Las víctimas olvidadas de Stanford ahora disponible en español

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Thursday, June 16, 2011

Stanford International Bank liquidators seek to unfreeze funds

The newly appointed liquidators of Stanford International Bank (SIB), Marcus Wide and Hugh Dickson, announced yesterday that they hope to reach a compromise with various governments, including the US Department of Justice, to unfreeze hundreds of millions of dollars in assets in an effort to recover the billions lost by the more than 27,000 creditors of SIB.

“The estate has virtually no funds, but is saddled with obligations that exceed money on hand. Convincing government officials around the world to unfreeze the funds is a top priority,” a press release said.

“We hope to meet with the Department of Justice to understand the reasoning behind their approach and see if a compromise can be reached which will allow the estate to go forward with its own funds, and therefore maximise returns to creditors,” Dickson said.

“To have access to the bank’s own funds presently frozen by the criminal forfeiture proceedings would generate a considerable value to the estate in terms of allowing additional recovery and asset realisations to maximise recoveries,” he added.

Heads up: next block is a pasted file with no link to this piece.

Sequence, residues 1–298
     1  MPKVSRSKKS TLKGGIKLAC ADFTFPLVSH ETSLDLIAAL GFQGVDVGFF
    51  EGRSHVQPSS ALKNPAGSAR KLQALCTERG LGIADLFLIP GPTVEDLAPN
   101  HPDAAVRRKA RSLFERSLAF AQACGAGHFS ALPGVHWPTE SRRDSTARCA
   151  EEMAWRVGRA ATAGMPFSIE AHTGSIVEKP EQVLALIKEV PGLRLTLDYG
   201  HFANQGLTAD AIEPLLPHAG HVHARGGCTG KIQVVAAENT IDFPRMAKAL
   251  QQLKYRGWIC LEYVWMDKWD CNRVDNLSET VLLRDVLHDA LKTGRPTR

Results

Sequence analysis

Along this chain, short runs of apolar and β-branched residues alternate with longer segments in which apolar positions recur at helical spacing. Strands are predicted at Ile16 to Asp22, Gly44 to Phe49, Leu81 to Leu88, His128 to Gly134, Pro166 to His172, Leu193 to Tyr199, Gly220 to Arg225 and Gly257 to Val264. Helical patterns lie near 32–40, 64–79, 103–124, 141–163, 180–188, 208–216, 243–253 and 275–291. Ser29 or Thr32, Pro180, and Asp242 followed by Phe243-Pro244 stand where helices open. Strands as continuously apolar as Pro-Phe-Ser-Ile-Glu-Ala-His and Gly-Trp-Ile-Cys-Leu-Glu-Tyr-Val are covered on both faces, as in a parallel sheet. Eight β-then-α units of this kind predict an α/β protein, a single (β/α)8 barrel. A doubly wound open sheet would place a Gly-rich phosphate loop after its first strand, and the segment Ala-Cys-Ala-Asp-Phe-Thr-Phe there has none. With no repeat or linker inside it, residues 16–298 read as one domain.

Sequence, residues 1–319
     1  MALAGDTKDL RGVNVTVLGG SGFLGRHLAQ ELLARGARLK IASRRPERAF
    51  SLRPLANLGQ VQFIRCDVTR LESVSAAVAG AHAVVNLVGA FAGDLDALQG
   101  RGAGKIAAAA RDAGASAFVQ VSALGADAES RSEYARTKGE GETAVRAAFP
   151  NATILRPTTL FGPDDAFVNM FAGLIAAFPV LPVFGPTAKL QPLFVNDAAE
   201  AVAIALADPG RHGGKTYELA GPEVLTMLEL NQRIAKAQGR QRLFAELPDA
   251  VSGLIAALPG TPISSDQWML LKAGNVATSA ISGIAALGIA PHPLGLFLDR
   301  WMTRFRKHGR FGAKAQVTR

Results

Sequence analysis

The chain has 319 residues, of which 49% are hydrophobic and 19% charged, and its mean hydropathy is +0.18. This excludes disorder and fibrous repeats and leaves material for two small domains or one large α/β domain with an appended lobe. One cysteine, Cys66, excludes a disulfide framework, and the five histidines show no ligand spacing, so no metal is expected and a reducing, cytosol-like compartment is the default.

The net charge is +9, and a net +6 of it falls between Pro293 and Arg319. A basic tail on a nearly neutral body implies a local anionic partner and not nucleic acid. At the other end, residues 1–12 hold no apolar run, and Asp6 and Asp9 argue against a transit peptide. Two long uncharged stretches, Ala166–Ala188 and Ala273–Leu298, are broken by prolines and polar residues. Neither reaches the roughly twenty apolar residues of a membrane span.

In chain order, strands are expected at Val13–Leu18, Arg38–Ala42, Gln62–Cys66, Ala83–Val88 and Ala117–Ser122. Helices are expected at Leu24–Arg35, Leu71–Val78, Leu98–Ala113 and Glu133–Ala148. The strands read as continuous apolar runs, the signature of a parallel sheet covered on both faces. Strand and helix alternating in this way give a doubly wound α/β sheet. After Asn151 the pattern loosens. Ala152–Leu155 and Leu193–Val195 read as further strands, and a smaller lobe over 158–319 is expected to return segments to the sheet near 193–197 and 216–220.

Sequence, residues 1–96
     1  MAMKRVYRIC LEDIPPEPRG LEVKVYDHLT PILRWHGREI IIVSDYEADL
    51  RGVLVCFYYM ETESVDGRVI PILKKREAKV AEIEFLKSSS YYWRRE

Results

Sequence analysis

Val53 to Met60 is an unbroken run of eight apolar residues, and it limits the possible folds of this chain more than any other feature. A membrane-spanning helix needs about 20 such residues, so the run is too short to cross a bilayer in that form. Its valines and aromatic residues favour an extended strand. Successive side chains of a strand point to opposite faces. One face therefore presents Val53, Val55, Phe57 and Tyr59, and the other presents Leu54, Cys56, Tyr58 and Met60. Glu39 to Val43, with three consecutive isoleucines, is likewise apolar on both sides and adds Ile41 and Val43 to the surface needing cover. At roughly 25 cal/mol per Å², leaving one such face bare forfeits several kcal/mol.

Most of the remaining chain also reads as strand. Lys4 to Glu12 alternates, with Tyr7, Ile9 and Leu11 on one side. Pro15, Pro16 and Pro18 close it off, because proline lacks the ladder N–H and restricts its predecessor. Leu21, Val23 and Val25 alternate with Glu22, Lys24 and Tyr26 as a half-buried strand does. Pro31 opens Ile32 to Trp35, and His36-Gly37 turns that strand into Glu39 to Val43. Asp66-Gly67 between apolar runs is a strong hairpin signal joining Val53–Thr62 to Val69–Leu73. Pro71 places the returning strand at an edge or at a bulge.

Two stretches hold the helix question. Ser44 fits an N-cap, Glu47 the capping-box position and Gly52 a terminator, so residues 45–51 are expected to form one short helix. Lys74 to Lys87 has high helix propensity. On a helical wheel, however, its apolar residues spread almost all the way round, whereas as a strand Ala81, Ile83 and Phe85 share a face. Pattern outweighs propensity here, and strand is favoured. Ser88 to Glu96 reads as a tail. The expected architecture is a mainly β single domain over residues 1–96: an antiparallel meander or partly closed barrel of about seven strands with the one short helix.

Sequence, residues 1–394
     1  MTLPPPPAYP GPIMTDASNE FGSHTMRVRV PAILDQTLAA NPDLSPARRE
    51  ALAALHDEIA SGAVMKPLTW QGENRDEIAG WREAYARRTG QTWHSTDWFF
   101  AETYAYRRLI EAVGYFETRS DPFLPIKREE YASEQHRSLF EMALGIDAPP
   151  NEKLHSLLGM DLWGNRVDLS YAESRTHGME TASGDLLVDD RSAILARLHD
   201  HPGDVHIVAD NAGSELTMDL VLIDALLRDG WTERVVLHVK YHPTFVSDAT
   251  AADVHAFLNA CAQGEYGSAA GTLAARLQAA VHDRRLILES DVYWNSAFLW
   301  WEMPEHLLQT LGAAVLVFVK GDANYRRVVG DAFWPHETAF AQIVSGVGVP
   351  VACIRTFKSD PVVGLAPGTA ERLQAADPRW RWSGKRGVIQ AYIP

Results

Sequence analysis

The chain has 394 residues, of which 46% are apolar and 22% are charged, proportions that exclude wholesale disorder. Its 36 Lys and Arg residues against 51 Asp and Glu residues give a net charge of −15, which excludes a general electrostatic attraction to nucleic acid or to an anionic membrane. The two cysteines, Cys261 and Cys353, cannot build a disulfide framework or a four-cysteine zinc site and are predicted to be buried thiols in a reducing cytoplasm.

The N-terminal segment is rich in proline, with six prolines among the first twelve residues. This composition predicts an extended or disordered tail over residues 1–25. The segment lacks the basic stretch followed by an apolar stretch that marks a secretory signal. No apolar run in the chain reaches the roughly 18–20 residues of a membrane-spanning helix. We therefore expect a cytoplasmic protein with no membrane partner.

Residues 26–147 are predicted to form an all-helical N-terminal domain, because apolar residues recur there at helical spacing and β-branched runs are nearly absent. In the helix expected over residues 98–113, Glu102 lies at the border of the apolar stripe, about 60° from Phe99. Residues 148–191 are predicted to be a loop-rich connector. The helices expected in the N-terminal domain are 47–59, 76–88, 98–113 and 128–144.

The duo, the release said, have contacted officials from the Serious Fraud Office in the United Kingdom, the Prosecutor and Bankruptcy Trustee in Switzerland, and officers of the Attorney General of the Province of Ontario, Canada in recent weeks.

“Our objective has been to determine in the quickest time possible how the financial interests of the account holders, CD holders, and general creditors of the bank are best served,” Wide said.

“We have also been in contact with the US Department of Justice, the US Receiver, and the Creditors’ Committee for the US Receivership, with a view towards meeting with them once we have a better understanding of the issues between them and the SIB liquidation in Antigua,” the communiqué continued.

Dickson and Wide, who by order of the High Court last month replaced Nigel Hamilton-Smith and Peter Wastell as liquidators, also said they are considering the sale of real estate holdings in Antigua and are in the process of forming an advisory creditors committee, the release noted.

“These holdings are extensive and it is likely their value can be greatly enhanced if they are brought to market in an orderly manner over a period of time,” Dickson said.

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